A Minimum 16 Hours for all workers | Antidote to Zero Hour ContractsOn December 4, 2019 by Raul Dinwiddie
I’m just back, fresh from the National Conference
of USDAW, the fifth biggest union in the country. Where I proposed a proposition that I’d written
in favour of a life changing policy for the working class, in my view. And that is that
instead of insecure work, that there should be a law introduced to oblige all employers
to offer an absolute minimum of a 16 hour a week contract to every worker who wants it.
With the added qualification that if a worker wants fewer hours than that they can negotiate
that in the presence of their union representative. Right now we’re cursed by casual labour. One
in 10 workers suffer some form of insecure work – 3.2 million people across Britain.
About half of those are on zero hour contracts, others on short-term and the likes of shorter
contracts – 8, 10, 12 hours a week. That deprives workers of a decent income, deprives them
of any stability, where they’re at the beck and call of the employer to come into work,
disrupt their sleeping habits, disrupt their family and social life according to so-called
“business needs”. It also of course is accompanied by low pay
– that’s precisely one of the reasons for such insecure contracts to drive down pay.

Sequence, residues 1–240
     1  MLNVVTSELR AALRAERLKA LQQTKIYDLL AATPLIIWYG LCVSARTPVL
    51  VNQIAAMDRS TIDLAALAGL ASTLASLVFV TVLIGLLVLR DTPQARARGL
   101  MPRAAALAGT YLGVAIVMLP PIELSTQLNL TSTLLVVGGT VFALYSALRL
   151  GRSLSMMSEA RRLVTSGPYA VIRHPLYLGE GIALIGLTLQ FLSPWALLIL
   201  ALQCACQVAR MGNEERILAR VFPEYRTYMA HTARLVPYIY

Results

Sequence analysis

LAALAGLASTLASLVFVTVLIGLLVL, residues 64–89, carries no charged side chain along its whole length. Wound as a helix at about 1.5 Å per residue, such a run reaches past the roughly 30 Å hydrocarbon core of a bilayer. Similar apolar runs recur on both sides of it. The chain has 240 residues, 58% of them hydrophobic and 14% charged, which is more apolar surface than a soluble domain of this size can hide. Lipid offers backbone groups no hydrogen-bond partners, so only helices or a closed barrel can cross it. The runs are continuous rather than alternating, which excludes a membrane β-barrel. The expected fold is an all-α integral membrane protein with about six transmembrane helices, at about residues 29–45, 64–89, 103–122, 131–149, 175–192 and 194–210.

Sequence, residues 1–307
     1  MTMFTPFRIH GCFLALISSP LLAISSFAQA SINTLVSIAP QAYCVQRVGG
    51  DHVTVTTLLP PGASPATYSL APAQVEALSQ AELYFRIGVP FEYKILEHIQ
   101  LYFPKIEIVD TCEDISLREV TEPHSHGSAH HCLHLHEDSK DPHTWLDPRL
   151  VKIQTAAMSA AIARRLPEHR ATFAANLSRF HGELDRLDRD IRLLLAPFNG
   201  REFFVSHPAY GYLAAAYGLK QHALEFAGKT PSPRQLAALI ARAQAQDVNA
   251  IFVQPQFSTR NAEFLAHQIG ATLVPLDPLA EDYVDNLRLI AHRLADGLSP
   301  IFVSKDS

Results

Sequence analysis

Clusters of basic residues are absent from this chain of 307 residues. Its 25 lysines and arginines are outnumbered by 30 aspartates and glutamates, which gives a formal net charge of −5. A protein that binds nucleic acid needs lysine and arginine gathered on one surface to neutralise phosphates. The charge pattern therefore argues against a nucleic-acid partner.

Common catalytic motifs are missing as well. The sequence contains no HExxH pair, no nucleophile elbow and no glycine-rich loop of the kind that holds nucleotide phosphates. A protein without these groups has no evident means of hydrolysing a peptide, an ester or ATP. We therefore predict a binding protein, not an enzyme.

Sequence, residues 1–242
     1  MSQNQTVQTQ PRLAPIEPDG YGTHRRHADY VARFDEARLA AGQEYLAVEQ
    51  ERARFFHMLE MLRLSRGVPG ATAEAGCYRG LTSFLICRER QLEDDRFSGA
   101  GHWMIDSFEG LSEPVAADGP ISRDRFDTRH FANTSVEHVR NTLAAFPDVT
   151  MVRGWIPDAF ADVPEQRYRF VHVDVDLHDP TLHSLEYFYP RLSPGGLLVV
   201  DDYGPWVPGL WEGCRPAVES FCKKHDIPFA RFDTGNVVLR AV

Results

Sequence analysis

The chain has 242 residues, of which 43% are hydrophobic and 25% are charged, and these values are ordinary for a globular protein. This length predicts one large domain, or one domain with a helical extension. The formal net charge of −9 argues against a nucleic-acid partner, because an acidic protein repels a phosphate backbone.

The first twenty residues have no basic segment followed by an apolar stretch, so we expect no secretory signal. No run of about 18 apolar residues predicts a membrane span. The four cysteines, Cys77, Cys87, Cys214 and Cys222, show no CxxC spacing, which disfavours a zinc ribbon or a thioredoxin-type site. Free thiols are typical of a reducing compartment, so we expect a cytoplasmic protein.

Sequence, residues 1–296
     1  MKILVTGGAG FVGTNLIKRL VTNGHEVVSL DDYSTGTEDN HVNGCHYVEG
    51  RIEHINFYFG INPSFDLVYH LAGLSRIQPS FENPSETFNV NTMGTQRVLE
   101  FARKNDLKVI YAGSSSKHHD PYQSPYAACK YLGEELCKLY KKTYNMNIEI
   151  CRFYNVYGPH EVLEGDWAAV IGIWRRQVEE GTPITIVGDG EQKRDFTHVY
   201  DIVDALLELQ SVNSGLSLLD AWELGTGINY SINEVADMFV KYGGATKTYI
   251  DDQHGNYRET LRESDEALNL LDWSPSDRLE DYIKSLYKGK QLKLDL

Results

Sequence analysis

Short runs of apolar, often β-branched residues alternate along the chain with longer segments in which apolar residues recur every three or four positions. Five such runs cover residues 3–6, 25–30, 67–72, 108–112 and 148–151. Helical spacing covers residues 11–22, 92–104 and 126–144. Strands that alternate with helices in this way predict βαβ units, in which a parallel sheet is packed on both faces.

For instance, even three years ago the TUC’s figures showed that the average weekly wage
for all workers was £479 a week but for those on zero hour contracts it was £188. Thus
an indication of the terrible deficit on hourly pay as a result of this job insecurity. The policy which was actually to my delight
passed unanimously at the conference of about 1100-12000 delegates at USDAW’s conference
– the policy of a minimum 16 hour contract for all workers who want it is something that
would transform lives. It will qualify people for working tax credit,
if they’re in a couple because that’s what you have to work. It would qualify people
for sick pay and for national insurance contributions from their employers – especially when it’s
linked to the demand for a £10 minimum wage. It would also guarantee some form of stable
income, stable job patterns of shift patterns and would begin to alter the balance of forces
so that workers had some control over their working lives. Instead of being subjected
to the dictatorship of capital. The dictatorship of senior management over insecure workers. I think it’s a policy which has met its time.
As a policy which now needs to be fought for in other trade unions, and of course as a
policy – which has a bit of a history – I first tentatively suggested in the book “Break
the Chains” then put it forward and got adopted as a Scottish Socialist Party policy. But
the huge difference now is that it’s been adopted by a mass organisation the 430,000-strong
USDAW, fifth biggest union in the country. It’s a great breakthrough for workers potentially,
we need to get it adopted by other unions – and to fight for it so as to change the
lives of working people radically.